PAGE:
Through a groundbreaking partnership with TED, the nonprofit dedicated to sharing talks from the world’s leading thinkers, 21st Century Fox’s STAR India has announced its latest pro-social television series, TED Talks India: Nayi Soch (“New Thinking”). The show will feature speakers presenting big ideas in Hindi in TED’s signature format, with Bollywood superstar Shah Rukh Khan serving as the host. The series marks the first time TED will collaborate with a major network and star to produce a TV series featuring original TED Talks in a language other than English.
“At STAR, we have always believed in pushing the boundaries with new ideas, creativity and fresh thinking,” said Uday Shankar, Chairman & CEO, STAR India. “Nobody reflects this belief more than TED and we are thrilled to collaborate with them in bringing the power of ideas to our audiences with TED Talks India: Nayi Soch. In an age of high volatility the role of ideas to fuel positive change cannot be overstated. We are delighted to have Shah Rukh Khan share our vision and lend his charisma to this exciting endeavor.”
TED Talks India: Nayi Soch will air on Star Plus, STAR’s flagship channel and its #1 Hindi general entertainment channel. TED will unveil more details about the series, including its official release date and the initial lineup of speakers, at its annual conference in Vancouver in April.
“The sheer size of Star TV’s audience, with more than 650 million viewers, makes this a significant milestone in TED’s ongoing effort to bring big ideas to curious minds,” said Juliet Blake, head of TV at TED and executive producer of the series. “Global television is opening up a new frontier for TED.”
The new series is the latest chapter in STAR’s long history of producing compelling, socially relevant content that sparks conversation and drives change. The best known example of the company’s commitment to social progress is Satyamev Jayate (“Truth Alone Prevails”), an Oprah-style talk show in which Bollywood star Aamir Khan travels the country exploring India’s most pressing social issues, from the caste system to water scarcity to LGBT rights. The series raised more than $45 million for its NGO partners over the course of its three seasons, and at one point STAR estimated the show had reached 3 out of every 4 Indians who watch TV or own a mobile phone.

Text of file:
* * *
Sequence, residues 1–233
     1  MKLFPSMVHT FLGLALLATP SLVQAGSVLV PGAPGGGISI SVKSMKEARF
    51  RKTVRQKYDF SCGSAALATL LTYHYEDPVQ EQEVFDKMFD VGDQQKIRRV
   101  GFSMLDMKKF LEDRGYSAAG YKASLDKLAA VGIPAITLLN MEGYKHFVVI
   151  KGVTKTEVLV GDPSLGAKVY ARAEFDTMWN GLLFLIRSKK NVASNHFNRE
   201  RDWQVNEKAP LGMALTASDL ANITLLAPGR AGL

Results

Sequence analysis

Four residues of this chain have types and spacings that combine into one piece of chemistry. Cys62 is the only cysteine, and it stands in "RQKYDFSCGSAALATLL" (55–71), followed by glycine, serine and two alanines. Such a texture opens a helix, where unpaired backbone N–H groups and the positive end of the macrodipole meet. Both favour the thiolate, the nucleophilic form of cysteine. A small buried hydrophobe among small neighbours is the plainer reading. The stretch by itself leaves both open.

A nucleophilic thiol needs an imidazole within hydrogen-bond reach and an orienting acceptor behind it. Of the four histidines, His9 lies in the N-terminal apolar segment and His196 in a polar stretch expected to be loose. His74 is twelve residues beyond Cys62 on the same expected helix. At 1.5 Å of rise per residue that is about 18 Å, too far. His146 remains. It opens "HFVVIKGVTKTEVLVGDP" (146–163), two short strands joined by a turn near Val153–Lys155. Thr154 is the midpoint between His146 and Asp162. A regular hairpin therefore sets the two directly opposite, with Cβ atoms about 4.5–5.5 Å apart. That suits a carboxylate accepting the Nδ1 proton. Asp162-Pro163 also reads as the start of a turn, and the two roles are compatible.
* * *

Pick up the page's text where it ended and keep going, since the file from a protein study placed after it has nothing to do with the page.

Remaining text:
Shankar spoke about SMJ’s impact on Indian culture, as well as his company’s investment in using the power of its programming to drive change, at the Paley Center for Media in New York in 2014. “Each business contributes its own share to society, but there’s a certain amount of premium that society places on media businesses,” he said. “I’ve always felt—and my bosses have always encouraged me—to challenge the status quo… Our job is to question, to focus the spotlight on what we feel needs to be observed more closely.”
Since SMJ, STAR has continued to support socially-minded programming, such as Amitabh Bachchan’s series Aaj Ki Raat Hai Zindagi, which celebrated personal stories about those making a difference in their communities. The company has also led a number of recent awareness and activism campaigns, such as October’s promos in which cricket players replaced their last names on the backs of their jerseys with their mothers’ names. Previously, STAR launched the #CheckOutMyGame campaign to support women in sports and developed the VithU smartphone app, allowing women to send out GPS distress signals when they fear they are in danger of assault.
“Star India’s legacy of using television as an instrument of social change, and TED’s unequivocal drive to showcase simple but unique ideas in an effort to spark debate and conversation are a very powerful combination,” said Khan. “I believe TED Talks India- Nayi Soch will inspire many minds across India. It is a concept I connected with instantly, as I believe that the media is perhaps the single most powerful vehicle to inspire change. I am looking forward to working with TED and Star India, and truly hope that together, we are able to inspire young minds across India and the world.”